November 2010

B.C. aboriginal mine training partnership underway

Program provides skills training and employment opportunities

By Peter Caulfield

BCAMTA grads

BCAMTA graduates hired at New Gold (from left to right): Pat Gagnon, New Gold trainer; A.J. Lindley; Dustin Gordon; Denis DeRose; Darien Minnabarriet; Brad Neufeld; Cody Jules; and Leonard Jackson, BCAMTA regional manager | Photo courtesy of Nadine Israel, BCAMTA

A partnership of public- and private-sector players was formed recently to bring qualified Aboriginal candidates into the mining industry in British Columbia. The group, consisting of mining companies, Aboriginal groups, educational institutions and the federal government, seeks to create job opportunities and provide support for Aboriginals in the mining industry.

“Mining is the single largest private-sector employer of Aboriginals in Canada,” said Laurie Sterritt, executive director, B.C. Aboriginal Mine Training Association (BCAMTA). “But relations between mining companies and Aboriginal communities where the mines operate are not always optimal. Our approach offers stakeholders a new way to work together that creates the opportunity for employers, educators and BCAMTA candidates to really understand what each of them needs to be successful,” she explained.

The British Columbia Aboriginal mine training partnership, established in October 2009, is running a three-year program that provides skills training in mining for Aboriginals and prepares them for employment. The program is aimed at qualified candidates in the northwest and central interior of the province.

BCAMTA administers the project in conjunction with 16 partners, six of which have made commitments to provide 148 jobs for Aboriginal participants. The partnership provides candidates with training-to-employment plans that cover academic upgrading, job-specific training and apprenticeships, retention counselling and other on-the-job support.

“The partners are committed to ensuring that Aboriginal people fully share in economic opportunities created by the mineral exploration and mining industry,” said BCAMTA chair Laureen Whyte in an announcement. “Aboriginal people in B.C. will have access to skills training to participate in the exploration and mining industry, and industry will benefit from accessing a quality pool of workers,” she added.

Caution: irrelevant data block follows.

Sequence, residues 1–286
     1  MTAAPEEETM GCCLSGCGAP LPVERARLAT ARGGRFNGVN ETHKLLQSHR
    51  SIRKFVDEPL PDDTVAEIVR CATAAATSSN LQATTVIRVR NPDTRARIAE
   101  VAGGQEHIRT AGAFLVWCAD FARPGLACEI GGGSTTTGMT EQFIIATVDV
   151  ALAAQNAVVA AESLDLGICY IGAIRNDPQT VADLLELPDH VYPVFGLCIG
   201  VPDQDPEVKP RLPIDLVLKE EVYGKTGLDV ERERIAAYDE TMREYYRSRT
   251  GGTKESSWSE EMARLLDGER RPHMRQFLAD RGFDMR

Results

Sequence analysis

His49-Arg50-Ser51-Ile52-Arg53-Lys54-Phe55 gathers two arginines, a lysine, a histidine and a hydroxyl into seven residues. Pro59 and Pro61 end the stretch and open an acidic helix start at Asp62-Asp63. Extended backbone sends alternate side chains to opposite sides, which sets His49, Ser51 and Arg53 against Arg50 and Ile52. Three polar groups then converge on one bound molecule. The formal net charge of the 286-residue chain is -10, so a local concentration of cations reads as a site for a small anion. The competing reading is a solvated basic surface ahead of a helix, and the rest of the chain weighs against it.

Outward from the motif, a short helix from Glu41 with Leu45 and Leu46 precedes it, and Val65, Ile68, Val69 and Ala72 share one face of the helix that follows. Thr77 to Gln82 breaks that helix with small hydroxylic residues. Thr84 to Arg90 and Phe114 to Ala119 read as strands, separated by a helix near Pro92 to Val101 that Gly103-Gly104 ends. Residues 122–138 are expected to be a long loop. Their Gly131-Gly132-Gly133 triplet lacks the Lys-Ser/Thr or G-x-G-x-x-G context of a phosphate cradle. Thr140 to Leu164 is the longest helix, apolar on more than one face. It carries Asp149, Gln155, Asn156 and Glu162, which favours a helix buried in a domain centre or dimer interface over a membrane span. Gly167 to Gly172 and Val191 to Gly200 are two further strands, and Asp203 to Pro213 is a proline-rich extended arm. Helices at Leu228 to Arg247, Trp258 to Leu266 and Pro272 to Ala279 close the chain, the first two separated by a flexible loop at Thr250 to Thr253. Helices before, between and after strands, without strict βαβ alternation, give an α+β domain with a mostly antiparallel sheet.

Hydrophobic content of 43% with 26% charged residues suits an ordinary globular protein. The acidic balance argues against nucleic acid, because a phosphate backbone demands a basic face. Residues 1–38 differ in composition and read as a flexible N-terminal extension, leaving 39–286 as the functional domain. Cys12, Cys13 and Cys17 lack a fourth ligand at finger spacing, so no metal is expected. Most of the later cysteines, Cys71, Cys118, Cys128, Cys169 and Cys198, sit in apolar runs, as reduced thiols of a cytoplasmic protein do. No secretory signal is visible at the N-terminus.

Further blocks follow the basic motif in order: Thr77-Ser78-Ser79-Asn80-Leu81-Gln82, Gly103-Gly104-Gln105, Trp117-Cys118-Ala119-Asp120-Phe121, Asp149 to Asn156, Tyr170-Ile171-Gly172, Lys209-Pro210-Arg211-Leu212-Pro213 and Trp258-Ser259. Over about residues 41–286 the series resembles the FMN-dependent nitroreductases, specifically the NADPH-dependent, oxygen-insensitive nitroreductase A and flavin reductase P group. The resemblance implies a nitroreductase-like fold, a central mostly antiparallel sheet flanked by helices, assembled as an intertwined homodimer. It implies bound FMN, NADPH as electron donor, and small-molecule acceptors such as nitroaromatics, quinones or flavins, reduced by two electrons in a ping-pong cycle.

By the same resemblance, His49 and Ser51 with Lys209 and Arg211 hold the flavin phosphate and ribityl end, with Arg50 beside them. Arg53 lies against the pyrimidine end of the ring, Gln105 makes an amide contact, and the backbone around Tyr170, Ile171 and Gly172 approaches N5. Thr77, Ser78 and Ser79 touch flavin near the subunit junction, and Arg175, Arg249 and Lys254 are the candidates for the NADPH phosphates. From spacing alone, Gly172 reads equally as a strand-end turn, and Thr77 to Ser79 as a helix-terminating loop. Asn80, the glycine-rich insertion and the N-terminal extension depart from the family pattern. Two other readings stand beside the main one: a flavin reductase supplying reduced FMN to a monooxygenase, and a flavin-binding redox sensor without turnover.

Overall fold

Sterritt said BCAMTA works with its partners to reduce barriers for Aboriginals entering careers in mining. “We also provide candidates with a range of opportunities – entry-level jobs, pre-trades training, apprenticeships and coaching to help them ladder-up to the next occupational level,” Whyte said.

The partnership, Sterritt explained, “provides a unique opportunity for partners with different points of view to come together and open the lines of communication with each other. Our efforts are already creating tangible results for Aboriginal communities and our corporate partners.”

Human Resources and Skills Development Canada is contributing $4.4 million dollars; cash and in-kind contributions from industry and associations account for the remaining $22.7 million dollars required to support the 30-month program, including wages and benefits allocated to successfully employed candidates.

Leonard Jackson, BCAMTA program coach, explained that there are more than 200 applicants, over 125 candidates in various stages of training, and over 35 candidates in jobs as a result of the program. “In the central interior, we are working with two operating mines, Highland Valley Copper and New Afton, and one developing mine in Princeton, Copper Mountain,” he said. “Candidates can apply to the program through the mining companies or they can come to the BCAMTA offices first.”

“Some of the Aboriginals who apply for mining jobs don’t meet all the necessary qualifications,” Jackson said. “So we get involved to help provide them with the types of skills upgrading they need in order to become better qualified.”

“At the pace we’re going, there is no reason why we won’t surpass our employment targets,” added Sterritt. “Our candidates are consistently coming in strong on skills-assessments and they are really getting noticed by employers. We are preparing BCAMTA candidates to be ‘the best person for the job,’ every time.”

Information about careers in exploration and mining and how the program works is available at

Post a comment


PDF Version